I'm implementing a REST method that allows you to post a list of items. If all data is correct I obviously return a 201 and if all data is incorrect a 400.

What would be an appropriate response code if some items are correct and others are not?

2 Answers 2


Send a 400. Because the request is bad, even if part of it is good. It is bad because you can't act on what you've received.

  • There's something to say for that, but on the other hand, I can act on the part that was correct. In this case, it's about a set of images, so I don't want the user to reupload the correct images again. I guess indicating the correct ones in the response would be sufficient for that. However, being nitpicky, the spec says: "The server cannot or will not process the request, due to a client error ", which is not entirely correct, because part of it will be processed
    – Kenneth
    Oct 21, 2013 at 22:03
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    @Kenneth If you want to prevent having to re-send a lot of data, why not just break upload down into a one-image-per-request pattern. That way you can have the status be updated on the client for every image that's successfully loaded and give the user the option to re-send the ones that didn't make it. Oct 21, 2013 at 22:35
  • I also want to access the API through an HTML form and allow them to select multiple files at once. I suppose I could intercept the form submit with JS and send various posts. Good idea! Thanks!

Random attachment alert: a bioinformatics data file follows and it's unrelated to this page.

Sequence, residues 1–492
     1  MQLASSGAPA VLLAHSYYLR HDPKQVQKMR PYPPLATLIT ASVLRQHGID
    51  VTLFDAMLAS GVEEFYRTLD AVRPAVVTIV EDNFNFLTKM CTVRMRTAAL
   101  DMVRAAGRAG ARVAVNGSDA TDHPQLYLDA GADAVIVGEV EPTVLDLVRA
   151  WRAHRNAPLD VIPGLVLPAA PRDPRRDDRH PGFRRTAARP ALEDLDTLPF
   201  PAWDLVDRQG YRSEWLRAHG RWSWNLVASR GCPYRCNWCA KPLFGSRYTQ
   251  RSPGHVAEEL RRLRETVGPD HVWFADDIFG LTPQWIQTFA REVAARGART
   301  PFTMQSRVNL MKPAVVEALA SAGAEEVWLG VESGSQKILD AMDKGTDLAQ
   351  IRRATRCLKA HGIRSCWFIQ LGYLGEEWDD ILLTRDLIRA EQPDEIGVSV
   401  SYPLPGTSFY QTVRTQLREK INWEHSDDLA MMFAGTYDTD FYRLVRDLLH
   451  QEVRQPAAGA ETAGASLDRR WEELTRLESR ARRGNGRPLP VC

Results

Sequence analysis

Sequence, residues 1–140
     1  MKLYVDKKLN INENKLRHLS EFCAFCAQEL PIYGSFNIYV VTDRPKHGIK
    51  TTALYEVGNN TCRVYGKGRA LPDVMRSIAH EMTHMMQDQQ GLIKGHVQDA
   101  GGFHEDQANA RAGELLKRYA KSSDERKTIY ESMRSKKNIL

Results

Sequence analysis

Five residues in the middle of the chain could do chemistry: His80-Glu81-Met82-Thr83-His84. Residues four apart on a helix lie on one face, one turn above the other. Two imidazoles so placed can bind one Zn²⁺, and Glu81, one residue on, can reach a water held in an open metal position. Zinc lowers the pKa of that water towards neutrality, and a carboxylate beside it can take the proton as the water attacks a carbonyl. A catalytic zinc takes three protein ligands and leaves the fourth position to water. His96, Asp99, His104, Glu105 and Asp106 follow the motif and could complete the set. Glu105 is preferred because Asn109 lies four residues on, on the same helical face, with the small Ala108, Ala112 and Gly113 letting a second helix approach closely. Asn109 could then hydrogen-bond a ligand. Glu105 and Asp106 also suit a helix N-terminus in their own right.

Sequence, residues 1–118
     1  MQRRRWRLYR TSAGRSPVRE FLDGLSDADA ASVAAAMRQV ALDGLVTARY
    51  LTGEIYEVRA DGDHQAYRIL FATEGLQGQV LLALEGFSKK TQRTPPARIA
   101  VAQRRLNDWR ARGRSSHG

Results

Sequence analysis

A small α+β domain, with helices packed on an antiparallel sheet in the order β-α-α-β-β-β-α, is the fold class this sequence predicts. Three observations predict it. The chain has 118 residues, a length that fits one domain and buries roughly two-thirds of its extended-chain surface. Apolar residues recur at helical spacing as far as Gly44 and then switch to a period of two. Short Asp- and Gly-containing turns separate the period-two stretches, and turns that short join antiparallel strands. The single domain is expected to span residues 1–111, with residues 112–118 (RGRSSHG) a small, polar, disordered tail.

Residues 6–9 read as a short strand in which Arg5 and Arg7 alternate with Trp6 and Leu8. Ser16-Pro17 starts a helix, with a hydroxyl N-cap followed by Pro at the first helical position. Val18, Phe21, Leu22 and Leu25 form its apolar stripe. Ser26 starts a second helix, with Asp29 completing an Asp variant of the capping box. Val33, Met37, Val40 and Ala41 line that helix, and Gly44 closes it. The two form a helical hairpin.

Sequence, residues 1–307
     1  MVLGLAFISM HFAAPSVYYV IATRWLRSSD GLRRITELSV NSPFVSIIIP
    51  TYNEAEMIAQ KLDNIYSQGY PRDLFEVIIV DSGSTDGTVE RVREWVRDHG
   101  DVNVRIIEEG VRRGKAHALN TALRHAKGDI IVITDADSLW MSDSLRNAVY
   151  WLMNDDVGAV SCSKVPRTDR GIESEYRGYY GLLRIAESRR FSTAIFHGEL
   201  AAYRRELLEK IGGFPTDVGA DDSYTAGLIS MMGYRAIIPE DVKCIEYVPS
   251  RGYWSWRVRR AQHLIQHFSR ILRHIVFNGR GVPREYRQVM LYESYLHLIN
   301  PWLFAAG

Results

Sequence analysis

– Kenneth
    Oct 21, 2013 at 22:47
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    Please note that 400 "Bad request" is not for invalid data. It is meant to be used when the request could not be understood. Invalid data can be understood it is just not valid to process further. ("The request could not be understood by the server due to malformed syntax. The client SHOULD NOT repeat the request without modifications." as per restpatterns.org/HTTP_Status_Codes/400_-_Bad_Request) Oct 22, 2013 at 8:11

If you are willing to step slightly outside pure HTTP responses, you could go the same way as the WebDAV protocol has done. They have extended the HTTP protocol with, among other things, a "multi-status response" (using code 207), that contains a status response for each individual item in its body.

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